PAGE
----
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BRITISH-IRISH-POETS  1998

BRITISH-IRISH-POETS 1998

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Subject:

Re: Spoken Verse versus Printed Verse

From:

"Ernest Slyman" <[log in to unmask]>

Reply-To:

Ernest Slyman

Date:

Wed, 18 Mar 1998 14:09:19 -0500

Content-Type:

text/plain

Parts/Attachments:

Parts/Attachments

text/plain (113 lines)

Thanks for the note

Keston & cris ---

I have no aversion to hearing poets read their work. Would prefer, though,
to read verse without all the neighing. Yes, I like to read. The ego of the
poet is not so apparent, the flaws of character less prominent. Drunk or
sober, high or low, I find poets more to my liking in the published format.

That's my preference. Eccentricities aside, I merely enjoy a poem on the
page. I don't want any hints, nudges, asides, winks. I want to engage in the
creative process unabetted.

The speaker of poems has a marked tendency to monopolizes emphasis and
therefore interpretation of the poem. This may last only ten minutes. But is
monopolization nonetheless.

I think it wrong to assume meaning/interpretation of the poem is sovereign
to the author. A voice reading of a poem too often prejudices the listener.
The narrowness of voice inflection. Not the natural expanse and freedom of
reading. One can pause on a line or word, allow the poem its natural birth.
Not a sudden birth in the ear. Not a burst. Rather one of emergence at a
pace more given to my own creative study.

In addition, I am strongly against hearing voices in my head. Particularly
those of poets.

(I must pause at this interval and beg for forgiveness from all those
four-legged poets who may have taken exception with my Talking Horse. Far be
it for me to offend horses who have gone to the trouble to learn elocution.)

(How many hours at "She sells seashells by the seashore" have by the by.)

(Much learn their ABCs.)

You write ---

"You still sidestepped the issue of
musical interpretations being differed, no one 'authoritative' version -
although some tastes will prefer some interpretations more than others."

I agree. But prose isn't music. Can't be reduced to musical sound. If one
defines it by strictly the limitations of music, the result is haphazard,
arbitrary, ill-defined by what the ear subjectively discerns.

 You write--

Sounds need not be heard necessarily though. What about stating your
dichotomy another way, that of articulation between space between words,
between letters, between lines and so on and the 'marks' themselves? How do
you conceive that interrelationship within a sphere of 'silence'?

The silence is not per se a vacuum without nuance, but is the inner
sanctity, the innerself, when one reads the secret self perceives the poem
from both the dimension of subconscious and conscious. Yeats made of his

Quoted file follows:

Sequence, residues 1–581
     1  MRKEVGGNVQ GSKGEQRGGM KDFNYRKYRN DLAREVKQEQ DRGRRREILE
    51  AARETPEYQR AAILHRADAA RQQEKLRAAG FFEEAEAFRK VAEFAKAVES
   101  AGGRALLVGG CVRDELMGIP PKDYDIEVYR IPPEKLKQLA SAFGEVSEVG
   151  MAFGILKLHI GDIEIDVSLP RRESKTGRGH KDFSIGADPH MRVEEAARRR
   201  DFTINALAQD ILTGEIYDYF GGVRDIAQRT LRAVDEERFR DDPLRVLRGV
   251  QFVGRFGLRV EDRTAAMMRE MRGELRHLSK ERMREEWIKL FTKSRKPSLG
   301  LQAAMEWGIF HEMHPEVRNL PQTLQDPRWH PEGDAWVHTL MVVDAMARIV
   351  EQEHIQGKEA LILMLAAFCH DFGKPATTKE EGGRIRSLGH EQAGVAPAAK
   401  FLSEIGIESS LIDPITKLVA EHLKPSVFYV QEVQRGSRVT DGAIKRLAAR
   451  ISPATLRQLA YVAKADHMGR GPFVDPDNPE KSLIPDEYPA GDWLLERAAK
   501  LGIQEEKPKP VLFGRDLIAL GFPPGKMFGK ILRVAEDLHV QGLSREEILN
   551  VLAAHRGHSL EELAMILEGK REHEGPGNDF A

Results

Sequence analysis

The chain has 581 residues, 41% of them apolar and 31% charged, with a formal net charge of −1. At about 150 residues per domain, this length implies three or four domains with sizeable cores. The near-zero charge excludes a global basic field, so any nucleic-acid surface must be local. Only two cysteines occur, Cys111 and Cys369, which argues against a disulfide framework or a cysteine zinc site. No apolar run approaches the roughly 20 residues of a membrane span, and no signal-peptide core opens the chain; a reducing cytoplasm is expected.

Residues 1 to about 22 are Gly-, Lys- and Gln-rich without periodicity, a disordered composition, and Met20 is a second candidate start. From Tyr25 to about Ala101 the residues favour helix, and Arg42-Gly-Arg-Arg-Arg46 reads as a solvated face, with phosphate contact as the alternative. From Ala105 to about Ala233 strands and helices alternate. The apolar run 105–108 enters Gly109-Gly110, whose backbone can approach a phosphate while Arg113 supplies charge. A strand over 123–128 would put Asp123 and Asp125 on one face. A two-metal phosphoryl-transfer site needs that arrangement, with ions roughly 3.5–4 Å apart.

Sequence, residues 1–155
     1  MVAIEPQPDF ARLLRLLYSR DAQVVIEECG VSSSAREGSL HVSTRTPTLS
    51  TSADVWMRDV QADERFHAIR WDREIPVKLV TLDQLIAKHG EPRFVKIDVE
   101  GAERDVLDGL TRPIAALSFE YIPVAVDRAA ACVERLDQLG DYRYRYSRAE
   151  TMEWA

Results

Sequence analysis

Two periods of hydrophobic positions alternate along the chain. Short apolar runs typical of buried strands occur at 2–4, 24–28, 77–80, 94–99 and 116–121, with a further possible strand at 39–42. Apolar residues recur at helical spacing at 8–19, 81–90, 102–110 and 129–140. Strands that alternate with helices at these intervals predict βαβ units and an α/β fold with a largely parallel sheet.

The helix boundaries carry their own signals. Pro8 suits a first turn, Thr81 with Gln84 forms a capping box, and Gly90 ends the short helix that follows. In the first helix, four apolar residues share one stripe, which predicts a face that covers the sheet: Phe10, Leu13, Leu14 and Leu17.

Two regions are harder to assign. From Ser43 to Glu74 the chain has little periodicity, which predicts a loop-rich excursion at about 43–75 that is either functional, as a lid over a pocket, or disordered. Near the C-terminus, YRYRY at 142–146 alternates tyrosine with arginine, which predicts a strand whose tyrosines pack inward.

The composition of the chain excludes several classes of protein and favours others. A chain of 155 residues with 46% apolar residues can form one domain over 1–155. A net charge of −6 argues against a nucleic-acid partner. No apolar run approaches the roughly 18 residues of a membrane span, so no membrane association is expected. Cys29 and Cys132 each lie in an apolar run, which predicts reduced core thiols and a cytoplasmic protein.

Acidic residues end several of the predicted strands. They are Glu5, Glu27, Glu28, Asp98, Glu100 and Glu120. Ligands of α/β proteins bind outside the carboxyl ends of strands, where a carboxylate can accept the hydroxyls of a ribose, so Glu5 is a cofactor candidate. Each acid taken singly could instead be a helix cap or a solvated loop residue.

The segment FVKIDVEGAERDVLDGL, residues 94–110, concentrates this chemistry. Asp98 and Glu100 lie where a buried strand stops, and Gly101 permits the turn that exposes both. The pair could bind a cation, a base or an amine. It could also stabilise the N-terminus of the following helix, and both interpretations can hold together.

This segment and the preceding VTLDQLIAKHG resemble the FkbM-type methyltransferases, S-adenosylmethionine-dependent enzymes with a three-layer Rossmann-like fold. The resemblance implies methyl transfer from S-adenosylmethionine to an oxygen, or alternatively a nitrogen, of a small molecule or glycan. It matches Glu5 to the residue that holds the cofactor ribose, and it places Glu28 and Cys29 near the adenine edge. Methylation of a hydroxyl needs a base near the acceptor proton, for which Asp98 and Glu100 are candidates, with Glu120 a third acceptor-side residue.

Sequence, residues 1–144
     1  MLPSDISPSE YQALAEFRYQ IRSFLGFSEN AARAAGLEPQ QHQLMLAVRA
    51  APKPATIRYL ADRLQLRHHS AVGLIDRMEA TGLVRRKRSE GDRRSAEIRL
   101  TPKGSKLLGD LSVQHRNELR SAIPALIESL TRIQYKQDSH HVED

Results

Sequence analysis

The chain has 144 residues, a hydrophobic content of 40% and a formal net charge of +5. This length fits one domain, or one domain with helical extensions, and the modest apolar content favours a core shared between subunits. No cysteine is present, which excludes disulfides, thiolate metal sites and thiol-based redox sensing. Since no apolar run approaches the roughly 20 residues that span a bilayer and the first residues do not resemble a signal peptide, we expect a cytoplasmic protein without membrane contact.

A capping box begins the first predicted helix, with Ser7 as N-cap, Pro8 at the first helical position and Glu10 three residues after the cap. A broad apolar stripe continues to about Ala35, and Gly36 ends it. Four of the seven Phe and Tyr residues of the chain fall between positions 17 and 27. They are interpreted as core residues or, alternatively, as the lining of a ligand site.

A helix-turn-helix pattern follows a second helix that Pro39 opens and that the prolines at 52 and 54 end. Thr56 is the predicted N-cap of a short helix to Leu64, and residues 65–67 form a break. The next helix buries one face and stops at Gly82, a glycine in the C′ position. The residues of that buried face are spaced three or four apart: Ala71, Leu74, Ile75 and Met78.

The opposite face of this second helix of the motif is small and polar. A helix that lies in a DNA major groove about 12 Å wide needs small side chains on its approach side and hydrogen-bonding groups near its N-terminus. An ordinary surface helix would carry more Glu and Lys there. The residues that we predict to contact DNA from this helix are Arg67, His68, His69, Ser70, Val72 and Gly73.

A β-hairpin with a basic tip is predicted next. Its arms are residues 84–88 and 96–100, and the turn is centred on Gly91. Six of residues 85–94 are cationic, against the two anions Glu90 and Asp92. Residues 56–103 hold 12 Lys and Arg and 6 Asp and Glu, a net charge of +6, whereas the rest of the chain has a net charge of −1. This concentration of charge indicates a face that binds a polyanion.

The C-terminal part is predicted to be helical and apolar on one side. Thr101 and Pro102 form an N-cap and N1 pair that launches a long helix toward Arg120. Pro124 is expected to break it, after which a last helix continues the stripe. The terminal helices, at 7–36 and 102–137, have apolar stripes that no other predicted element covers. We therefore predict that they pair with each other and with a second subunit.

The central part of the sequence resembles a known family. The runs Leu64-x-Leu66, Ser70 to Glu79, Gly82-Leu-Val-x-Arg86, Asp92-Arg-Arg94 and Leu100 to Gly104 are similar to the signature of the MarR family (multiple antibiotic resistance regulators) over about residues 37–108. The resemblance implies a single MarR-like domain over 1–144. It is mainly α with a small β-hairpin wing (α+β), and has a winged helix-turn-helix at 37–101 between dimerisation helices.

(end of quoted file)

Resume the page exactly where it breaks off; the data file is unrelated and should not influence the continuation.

innerself the sovereign domain of his creative output.

You write--

There's a good point here i think - that of interference from 'authorial'
source, influencing readings. Of course some boundaries are more porous to
the world and therefore expect, welcome, even encourage interference. I've
been surprised myself at readings others have made of my own work, but both
through having not heard a 'live' version and not having heard a 'live'
version.

I agree.

You write asking--

I don't know where this impetus to raise the spectre of 'prose-poetry' comes
from. Can you explain?

It comes from poetry being defined as measured writing. Therefore, when we
speak of poetry we're talking about music. Prose poetry attempting to pass
for poetry.

The fakery of prose writing to attempt such an enterprise.

You wrote--

Curious to find theatre - monologue - conversation - passive reception
and so on dealt with in aushc an exacting manner. I don't enjoy 'theatre'
either btw. Too much people pretending to be people they are not. Suddenly
i'm interested though. Tell me more. How is talk reductive? How is theatre
reductive? In what ways are they reductive that 'writing' is able to
circumnavigate?

The answer lies in the framework of the innerself which opens, and that
which we are not always privy to, that vast inner being of the self, perhaps
less cosmic or more so, unencumbered by the talking horse, freely is allowed
to address, commune with the innerself of the poet.

The poet's innerworkings encountered not in the ear. But in the psychic,
shared with the reader. (Yes, it's possible to share when the poem is read
aloud. But for some, like myself, it's an aversion. The giving of the
innerself is less often and restrained. I require privacy. I want words, not
spoken. I don't hear any voices in my head.)




Ernest Slyman
HomePage
www.geocities.com/soho/7514
email: [log in to unmask]





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